Staying safe during the summer | SierraSun.com
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Staying safe during the summer

Emma Garrard/Sun News ServiceThe US Coast Guard and Sheriff's department investigate a boat accident on some rocks north of Sand Harbor on June 2. One person was reported dead and another seriously injured in the accident happened early that morning.
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Whether snow skiing during wintertime, water skiing on Lake Tahoe during the summer months, or backcountry travel at any time, Lake Tahoe is appropriately billed as Americas year-round playground.However, there are many who take the playground for granted and unfortunately some who find out how unforgiving the Sierra can be at any given time.Recent examples include: A Soda Springs paragliding instructor and his student died earlier this month when their glider crashed near Mount Rose Ski Area. The incident is still under investigation, according to a Washoe County Sheriffs Office source. A 19-year-old California man died last Tuesday from an apparent drowning in shallow water at Kiva Beach on the South Shore. A 23-year-old Stateline man died and another was hospitalized on June 2 when their boat crashed into rocks just north of Sand Harbor in the early morning hours.Incidents that result in fatalities are uncommon, and for the most part, playing at Lake Tahoe at any time of year can be enjoyable and safe. Even though exercise is always good, at the same time, it is always advisable to exercise some precaution and common sense.Anytime youre doing anything, whether its backcountry hiking, parasailing, paragliding, jet skiing, or any of the things you do here, there is a common sense checklist you should go through, said Bill Devine, patrol division sergeant for the Washoe County Sheriffs Office. You want to cover all the common sense bases that will ensure your safety.Any safety checklist can vary depending on the activity, yet there are some common links. For one, even the smallest of details can safe a life. For another, it is always a good idea to be prepared for the unexpected.Take boating safety for example.If theres one thing we could emphasize, it would be the importance of a lifejacket, or PFD, particularly when the wind comes up and the water starts getting rough, said Jack Leth, spokesman for U.S. Coast Guard Auxiliary North Lake Tahoe Flotilla.To go one step further, he pointed out that Coast Guard regulations require personnel to wear a PFD at all times.Even for a strong swimmer, its almost impossible to put on a personal floatation device once youve fallen overboard, Leth said. Unfortunately, you can never predict when youre going to fall into the water.Safe equipment and boater education also rank high on any list of priorities on the lake. The Coast Guard Auxiliary offers boating safety classes and free courtesy vessel safety examinations periodically through the summer, said Leth.Lake Tahoes high water level this summer is one factor boaters need to consider.Rocks people saw last year will most likely be covered up this year, making them very hard to see, U.S. Coast Guard officer Joel Heinecke said.Heinecke also warned that not all rocks and dangerous obstacles on the lake are marked by buoys.Filing a float plan is another precaution for anyone who plans to venture on to Lake Tahoe, whether its on a sail boat, power boat, kayak, jet ski, raft or family day cruise. Go online to http://www.fishonthefly.com for information about float plans.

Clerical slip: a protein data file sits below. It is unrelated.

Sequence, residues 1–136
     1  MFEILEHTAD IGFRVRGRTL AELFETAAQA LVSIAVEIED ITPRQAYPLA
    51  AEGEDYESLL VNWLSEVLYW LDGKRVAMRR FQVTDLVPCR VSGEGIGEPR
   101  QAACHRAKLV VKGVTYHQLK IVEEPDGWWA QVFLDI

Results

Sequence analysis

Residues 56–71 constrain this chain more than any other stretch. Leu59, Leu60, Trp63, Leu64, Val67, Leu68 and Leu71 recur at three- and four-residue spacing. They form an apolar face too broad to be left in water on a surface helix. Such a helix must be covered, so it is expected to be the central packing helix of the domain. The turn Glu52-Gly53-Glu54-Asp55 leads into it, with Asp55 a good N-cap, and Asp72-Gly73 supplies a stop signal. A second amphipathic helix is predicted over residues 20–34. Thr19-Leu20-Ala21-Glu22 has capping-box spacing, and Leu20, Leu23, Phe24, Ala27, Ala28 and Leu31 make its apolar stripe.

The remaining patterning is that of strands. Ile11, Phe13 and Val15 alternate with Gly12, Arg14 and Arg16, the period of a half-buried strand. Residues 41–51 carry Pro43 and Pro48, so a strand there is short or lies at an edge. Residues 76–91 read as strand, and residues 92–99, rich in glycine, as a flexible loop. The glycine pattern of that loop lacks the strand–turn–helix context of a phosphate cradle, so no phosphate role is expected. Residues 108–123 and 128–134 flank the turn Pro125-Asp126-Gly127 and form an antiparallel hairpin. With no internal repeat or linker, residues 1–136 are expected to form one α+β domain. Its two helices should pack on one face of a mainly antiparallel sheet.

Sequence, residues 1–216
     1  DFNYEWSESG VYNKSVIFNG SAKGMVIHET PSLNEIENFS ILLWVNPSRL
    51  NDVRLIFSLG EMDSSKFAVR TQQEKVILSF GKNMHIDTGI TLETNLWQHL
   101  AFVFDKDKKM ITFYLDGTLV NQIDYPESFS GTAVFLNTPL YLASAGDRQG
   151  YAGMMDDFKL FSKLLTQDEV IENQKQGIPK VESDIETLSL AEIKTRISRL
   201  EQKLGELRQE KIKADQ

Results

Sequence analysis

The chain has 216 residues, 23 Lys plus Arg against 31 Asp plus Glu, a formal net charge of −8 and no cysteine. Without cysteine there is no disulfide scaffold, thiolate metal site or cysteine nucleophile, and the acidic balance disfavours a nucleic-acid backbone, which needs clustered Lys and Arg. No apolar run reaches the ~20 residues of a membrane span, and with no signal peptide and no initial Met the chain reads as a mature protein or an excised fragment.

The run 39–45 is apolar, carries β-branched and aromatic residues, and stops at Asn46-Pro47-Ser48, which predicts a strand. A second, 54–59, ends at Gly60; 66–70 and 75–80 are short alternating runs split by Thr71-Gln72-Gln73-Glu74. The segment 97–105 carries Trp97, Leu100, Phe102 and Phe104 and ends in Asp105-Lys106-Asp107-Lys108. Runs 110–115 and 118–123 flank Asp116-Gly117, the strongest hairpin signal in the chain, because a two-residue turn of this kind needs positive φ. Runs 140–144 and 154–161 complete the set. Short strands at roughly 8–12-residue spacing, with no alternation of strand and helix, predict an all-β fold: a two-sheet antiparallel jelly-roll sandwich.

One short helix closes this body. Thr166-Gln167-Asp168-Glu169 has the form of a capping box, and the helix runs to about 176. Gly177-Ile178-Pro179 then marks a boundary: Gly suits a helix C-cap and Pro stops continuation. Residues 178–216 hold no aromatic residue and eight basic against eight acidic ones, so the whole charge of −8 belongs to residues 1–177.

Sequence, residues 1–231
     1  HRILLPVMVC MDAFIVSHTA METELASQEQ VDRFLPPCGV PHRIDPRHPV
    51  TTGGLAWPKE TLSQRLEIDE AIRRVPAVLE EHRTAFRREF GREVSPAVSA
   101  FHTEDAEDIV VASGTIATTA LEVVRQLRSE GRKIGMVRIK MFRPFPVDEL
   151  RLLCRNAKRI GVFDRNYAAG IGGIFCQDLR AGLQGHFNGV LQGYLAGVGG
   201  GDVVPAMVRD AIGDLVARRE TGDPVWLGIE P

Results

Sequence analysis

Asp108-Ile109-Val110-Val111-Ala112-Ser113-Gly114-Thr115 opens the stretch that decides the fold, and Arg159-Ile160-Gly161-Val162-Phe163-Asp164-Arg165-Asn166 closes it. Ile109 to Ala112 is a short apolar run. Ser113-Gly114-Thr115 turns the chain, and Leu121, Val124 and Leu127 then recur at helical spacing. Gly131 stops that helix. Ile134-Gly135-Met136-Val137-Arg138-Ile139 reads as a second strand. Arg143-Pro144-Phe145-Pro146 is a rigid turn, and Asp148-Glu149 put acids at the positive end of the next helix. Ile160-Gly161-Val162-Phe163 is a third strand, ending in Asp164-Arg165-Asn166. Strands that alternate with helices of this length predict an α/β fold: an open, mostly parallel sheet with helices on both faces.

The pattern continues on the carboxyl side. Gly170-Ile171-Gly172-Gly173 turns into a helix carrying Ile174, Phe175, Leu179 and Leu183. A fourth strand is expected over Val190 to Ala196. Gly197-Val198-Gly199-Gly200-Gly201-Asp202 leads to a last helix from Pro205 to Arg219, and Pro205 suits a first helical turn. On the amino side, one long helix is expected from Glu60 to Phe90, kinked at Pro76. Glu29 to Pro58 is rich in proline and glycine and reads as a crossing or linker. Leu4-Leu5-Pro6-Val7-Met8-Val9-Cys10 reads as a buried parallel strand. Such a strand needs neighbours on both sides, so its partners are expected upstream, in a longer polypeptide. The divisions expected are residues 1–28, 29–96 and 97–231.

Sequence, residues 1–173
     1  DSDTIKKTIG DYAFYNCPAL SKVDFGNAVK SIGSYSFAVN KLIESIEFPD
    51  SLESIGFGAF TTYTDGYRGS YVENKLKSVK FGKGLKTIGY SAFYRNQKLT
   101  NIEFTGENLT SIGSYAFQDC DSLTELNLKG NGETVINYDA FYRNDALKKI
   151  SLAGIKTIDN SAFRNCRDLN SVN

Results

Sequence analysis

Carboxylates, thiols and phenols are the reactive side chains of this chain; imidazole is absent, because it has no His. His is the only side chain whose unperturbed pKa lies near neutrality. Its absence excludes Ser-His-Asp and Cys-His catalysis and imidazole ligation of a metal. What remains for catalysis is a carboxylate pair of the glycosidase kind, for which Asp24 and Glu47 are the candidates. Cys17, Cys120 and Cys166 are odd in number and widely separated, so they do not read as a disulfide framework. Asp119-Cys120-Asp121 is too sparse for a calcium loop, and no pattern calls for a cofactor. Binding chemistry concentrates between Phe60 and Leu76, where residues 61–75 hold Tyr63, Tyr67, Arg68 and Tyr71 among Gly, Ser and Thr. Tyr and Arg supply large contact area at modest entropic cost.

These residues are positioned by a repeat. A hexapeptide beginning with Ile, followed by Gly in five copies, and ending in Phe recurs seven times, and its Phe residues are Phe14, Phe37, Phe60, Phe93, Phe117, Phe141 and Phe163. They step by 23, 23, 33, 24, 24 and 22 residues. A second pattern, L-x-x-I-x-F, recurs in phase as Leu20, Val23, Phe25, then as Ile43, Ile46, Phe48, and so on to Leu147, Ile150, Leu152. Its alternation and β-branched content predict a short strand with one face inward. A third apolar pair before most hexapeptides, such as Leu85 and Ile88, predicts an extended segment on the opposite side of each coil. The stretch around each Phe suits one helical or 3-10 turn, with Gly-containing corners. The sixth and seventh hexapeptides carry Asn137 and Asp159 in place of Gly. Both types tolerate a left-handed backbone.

Similar precautions should be followed when headed into the backcountry. Start with letting others know where you are going and when you expect to return.People do it. Youre not breaking the law if you dont, youre just enhancing your chances of not having help if you should need it, Devine said. Theres nothing more frustrating to the family if something happens and they have no idea where youre at.Washoe County Search & Rescue Commander Sgt. Russ Pedersen added one more point.Thats a key, Pedersen said about informing others about backcountry travel plans. Second, stick to that plan; sometimes its easy to go out and end up changing the plan.And know the area youre going to. Get a map or talk to other people who have been there so you can get a visual picture of what its like.Other backcountry checklist items might include taking along water, snacks, sunscreen, and a cell phone.Additional clothing is a good idea because it is always possible for a simple half-day hike to turn into something much longer. Many times, hikers will go out on a warm day dressed in T-shirts and shorts, then find they are not prepared when night falls. Temperatures can drop into the 20s or 30s at higher elevations even during the summer months, according to Pedersen.At least have layered clothing because you never know what will happen. You may not get in trouble, but you may run into somebody else who is.Modern technology cell phones among other things has enhanced safety in the backcountry. High-tech hiking still isnt foolproof. For example, while a lost hiker may be able to call 9-1-1, search and rescue units still require basic information so they know where to look.Cell phones are a very effective tool, but you dont want to rely on them as your only lifeline, Devine said.

This is the first in a three-part series in which well will take a look at summertime recreational safety in Truckee and the Lake Tahoe Basin, both on the water and in the backcountry. The second part will look at hiking and other activities in the backcountry and the third part will look at safety on Lake Tahoe.


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